|Mass murder. Circa: a really long time ago.|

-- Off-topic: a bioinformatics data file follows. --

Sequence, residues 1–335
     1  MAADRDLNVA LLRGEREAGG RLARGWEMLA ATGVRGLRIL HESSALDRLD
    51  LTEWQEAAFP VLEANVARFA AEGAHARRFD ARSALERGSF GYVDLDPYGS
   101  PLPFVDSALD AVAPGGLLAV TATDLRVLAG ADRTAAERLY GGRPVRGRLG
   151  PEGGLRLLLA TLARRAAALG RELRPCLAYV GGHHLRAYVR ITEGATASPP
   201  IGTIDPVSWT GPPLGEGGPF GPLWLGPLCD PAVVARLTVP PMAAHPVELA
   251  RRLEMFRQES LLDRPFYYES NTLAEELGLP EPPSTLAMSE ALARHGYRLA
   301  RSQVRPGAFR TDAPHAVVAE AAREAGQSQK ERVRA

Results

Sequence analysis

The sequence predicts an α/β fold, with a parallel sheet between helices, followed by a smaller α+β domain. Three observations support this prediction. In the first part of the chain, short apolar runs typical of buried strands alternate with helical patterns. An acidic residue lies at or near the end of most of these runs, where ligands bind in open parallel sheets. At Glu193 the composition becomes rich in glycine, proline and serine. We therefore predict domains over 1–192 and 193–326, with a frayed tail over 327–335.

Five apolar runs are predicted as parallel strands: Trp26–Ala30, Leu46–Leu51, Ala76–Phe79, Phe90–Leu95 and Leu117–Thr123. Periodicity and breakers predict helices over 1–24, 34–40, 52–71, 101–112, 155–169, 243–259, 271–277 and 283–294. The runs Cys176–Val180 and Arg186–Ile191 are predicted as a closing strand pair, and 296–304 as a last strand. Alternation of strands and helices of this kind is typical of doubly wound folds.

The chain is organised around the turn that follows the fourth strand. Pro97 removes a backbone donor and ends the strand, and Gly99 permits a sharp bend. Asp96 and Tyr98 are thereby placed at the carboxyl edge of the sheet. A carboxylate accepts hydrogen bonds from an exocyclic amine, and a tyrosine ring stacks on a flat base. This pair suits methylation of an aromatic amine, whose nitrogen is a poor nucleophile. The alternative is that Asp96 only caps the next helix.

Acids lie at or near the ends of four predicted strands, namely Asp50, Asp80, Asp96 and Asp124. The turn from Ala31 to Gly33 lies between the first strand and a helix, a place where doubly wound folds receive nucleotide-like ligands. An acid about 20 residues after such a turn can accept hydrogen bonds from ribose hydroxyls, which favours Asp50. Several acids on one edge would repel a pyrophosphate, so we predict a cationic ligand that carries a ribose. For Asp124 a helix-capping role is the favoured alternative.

As is the norm when discussing the history of Anglo-Saxon England, what we see in terms of military exploits is nothing as we would see it today. The idea of professional solders did not exist (though, the Normans would make strides toward forming such units); warriors were, presumably, skilled hunters and generally males within a certain age group. Tribal conflicts were communal affairs and usually revolved around hunting spaces or, in the case of developing social hierarchies, loyalty to specific kings and lords. Conflict around a national identity, obviously, was a thing still far in the future (it would not be until after the conclusion of the Hundred Years War that anything like a national identity would emerge), as was, for the most part, cultural conflict; indeed, it seems that the furthest conflict came in the cultural realm was when it involved the clash between paganism and Christianity as expressed through the friction between competing rulers.